The season of Lent is a forty-day period mirroring Jesus' forty days of temptation in the wilderness. During this time, participants devote special attention to ... Read More
“Being in love,” that intoxicating feeling, is sublime, heady. It elevates us, changes our perceptions of the world, of our present, of our future. Our heart sings. Our dreams for ourselves ring with angelic voices.
But it can’t last; it isn’t meant to. It’s like learning an instrument. We hear an acoustic guitar and want to play it. There’s excitement at the beginning, the potential, the thrill. The learning process begins – and soon we find “this isn’t easy.” Playing an instrument requires commitment, focus, determination – and a whole lot of time.
The halo melts away. It is at this point that our will must engage – the will to believe, to faithe, to trust that we do love it even if we don’t feel it.
If we try to hang on to that halo we won’t advance. If we cling to that in-love-ness, the mere feelings, we will be using our will to cling to the mere romance of it rather than being propelled into deeper knowledge and proficiency. We’ll continue to romanticize – and we’ll be disappointed time and again as our largely illusory dream slams up against reality.
I’m not knocking those in-love feelings. But feelings come and go, and yet love doesn’t have to.
I’ve often heard people say the Greek word “agape” means “God’s love.” But it doesn’t, since John 3:19 says “This is the condemnation, that light is come into the world, and men loved (agape) darkness rather than light.” That means they were wholeheartedly committed to darkness. Their love was a choice of their will.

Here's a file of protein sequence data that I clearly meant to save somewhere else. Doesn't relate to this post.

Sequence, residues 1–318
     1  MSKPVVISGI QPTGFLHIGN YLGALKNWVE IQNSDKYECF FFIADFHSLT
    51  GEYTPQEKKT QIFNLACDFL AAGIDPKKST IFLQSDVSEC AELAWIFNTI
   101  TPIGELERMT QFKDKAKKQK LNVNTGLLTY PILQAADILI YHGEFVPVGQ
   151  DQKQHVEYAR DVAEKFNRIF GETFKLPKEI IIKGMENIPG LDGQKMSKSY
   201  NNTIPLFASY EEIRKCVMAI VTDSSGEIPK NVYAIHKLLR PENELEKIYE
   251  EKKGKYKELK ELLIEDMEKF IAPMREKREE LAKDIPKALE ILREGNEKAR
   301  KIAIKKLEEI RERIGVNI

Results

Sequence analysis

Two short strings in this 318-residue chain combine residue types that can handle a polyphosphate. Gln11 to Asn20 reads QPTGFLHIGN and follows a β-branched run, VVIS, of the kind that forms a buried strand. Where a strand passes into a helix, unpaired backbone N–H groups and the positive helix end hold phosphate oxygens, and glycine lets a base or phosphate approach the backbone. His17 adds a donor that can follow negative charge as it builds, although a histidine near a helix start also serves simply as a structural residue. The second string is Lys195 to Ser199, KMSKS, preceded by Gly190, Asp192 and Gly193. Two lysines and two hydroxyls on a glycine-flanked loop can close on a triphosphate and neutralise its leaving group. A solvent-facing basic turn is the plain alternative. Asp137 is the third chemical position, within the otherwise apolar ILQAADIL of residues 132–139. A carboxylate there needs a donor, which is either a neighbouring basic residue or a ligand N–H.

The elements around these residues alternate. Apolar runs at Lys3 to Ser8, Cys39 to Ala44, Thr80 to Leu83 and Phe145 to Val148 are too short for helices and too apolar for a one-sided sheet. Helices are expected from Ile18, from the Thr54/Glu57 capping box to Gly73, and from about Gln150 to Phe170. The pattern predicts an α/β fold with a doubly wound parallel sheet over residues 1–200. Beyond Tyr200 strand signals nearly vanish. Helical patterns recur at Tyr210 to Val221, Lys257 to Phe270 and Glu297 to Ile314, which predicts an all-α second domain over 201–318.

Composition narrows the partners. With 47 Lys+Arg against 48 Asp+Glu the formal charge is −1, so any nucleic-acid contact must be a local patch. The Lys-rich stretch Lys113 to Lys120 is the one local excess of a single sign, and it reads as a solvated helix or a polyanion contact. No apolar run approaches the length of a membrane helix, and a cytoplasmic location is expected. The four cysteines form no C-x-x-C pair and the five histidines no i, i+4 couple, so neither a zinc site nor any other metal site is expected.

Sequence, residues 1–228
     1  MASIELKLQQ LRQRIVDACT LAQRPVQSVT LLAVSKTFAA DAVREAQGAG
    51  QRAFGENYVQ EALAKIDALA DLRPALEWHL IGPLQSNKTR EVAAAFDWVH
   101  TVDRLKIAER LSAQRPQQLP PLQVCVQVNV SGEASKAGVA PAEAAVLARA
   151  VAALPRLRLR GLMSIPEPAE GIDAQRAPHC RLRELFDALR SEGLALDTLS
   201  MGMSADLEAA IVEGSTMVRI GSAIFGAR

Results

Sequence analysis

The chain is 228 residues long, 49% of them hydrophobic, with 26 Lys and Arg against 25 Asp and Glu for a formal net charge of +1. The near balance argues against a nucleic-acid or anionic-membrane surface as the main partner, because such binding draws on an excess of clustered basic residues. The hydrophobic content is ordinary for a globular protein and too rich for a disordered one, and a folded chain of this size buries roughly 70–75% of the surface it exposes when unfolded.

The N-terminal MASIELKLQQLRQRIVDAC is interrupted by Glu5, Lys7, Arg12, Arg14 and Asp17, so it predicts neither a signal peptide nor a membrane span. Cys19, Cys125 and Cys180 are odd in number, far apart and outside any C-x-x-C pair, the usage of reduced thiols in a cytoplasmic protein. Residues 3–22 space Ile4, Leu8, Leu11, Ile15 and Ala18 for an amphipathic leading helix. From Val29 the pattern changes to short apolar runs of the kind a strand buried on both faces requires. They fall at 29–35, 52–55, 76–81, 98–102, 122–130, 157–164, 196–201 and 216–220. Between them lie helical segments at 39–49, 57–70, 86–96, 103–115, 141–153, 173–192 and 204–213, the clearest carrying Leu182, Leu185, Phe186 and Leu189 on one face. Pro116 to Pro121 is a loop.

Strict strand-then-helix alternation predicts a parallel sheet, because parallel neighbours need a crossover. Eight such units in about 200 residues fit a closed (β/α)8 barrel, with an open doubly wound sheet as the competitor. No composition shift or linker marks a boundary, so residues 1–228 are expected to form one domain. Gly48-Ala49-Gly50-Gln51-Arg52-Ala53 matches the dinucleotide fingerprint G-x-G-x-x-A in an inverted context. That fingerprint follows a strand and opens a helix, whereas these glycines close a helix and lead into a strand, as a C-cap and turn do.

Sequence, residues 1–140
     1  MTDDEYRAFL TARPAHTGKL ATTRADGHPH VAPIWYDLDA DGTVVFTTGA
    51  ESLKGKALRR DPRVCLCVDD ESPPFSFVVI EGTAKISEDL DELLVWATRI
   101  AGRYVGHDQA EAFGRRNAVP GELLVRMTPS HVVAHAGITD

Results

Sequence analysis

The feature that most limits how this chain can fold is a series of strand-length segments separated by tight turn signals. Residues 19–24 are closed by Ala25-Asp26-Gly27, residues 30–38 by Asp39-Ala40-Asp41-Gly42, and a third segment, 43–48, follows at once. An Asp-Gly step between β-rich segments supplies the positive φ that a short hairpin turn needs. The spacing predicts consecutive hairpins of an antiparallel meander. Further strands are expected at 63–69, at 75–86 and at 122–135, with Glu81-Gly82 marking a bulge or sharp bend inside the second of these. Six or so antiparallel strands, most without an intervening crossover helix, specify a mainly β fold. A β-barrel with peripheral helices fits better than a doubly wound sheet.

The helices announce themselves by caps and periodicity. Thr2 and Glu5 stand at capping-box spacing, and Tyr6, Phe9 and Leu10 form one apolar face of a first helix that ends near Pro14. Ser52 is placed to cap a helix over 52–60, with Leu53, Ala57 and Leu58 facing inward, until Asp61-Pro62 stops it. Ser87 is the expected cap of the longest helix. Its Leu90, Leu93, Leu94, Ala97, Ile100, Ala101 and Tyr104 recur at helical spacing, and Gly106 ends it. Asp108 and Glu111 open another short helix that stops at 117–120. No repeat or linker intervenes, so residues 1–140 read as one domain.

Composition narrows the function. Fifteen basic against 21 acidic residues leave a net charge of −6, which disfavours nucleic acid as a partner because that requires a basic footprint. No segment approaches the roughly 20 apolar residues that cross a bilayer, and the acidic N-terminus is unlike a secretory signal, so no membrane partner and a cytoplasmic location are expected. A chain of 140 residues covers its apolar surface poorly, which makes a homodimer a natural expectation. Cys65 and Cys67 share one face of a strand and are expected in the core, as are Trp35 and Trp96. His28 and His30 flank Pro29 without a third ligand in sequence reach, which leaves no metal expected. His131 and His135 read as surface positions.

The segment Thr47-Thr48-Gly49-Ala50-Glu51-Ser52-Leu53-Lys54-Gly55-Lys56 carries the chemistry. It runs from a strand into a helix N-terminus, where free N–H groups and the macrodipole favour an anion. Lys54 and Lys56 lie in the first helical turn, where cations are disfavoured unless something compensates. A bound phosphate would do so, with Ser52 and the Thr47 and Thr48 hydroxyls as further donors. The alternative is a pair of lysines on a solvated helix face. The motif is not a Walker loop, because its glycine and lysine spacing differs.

That’s what God’s love is like. It is the wholehearted, committed giving of Himself even at His own expense.
The story is told of the great violinist Itzhak Perlman having a fan approach him and say, “I would give my life to play like you.” His reply? “Lady, I did.”
Marriage can be a lot of work at times. It is a giving over of oneself to a partnership, a union. That’s going to be costly at times, because to say “yes” to one thing is to say “no” to many other things. For me to be committed to playing music and writing means all of my work/hobby time is taken up with those things. I don’t have time to be a great photographer or fly model airplanes as well.
We vow to love, honor, cherish, till death do us part. That’s costly to the flesh that wants to do what it feels. Our flesh wants to avoid pain and find pleasure. That’s natural; that’s just the way the flesh is. Jesus, in the days of His flesh, attempted to avoid the pain of the Crucifixion there in the Garden.
But if we, like Jesus, recognize that we are not meant to be flesh-driven, that pleasure and pain are both included in the package, it will take much of the sting out of sorrows; This is going to be very hard at times, but in Christ I am filled full with everything I need to follow through.
In the end what we find, in marriage, guitar playing, and following Christ, is a deeper halo – not our dream for ourselves but “God’s idea of us when He devised us” (George MacDonald). We finally find the identity, and the daily expression of it, that we were made for. That’s real satisfaction and fulfillment.
Winner of 147 Grammys (or so), Ron Block is the banjo-ninja portion of Alison Kraus and Union Station. When he's not laying down a bluegrass-style martial-arts whoopin' on audiences around the world, he's taking care of his donkey named "Trash" and keeping himself busy by being one of the most well-read and thoughtful people we know.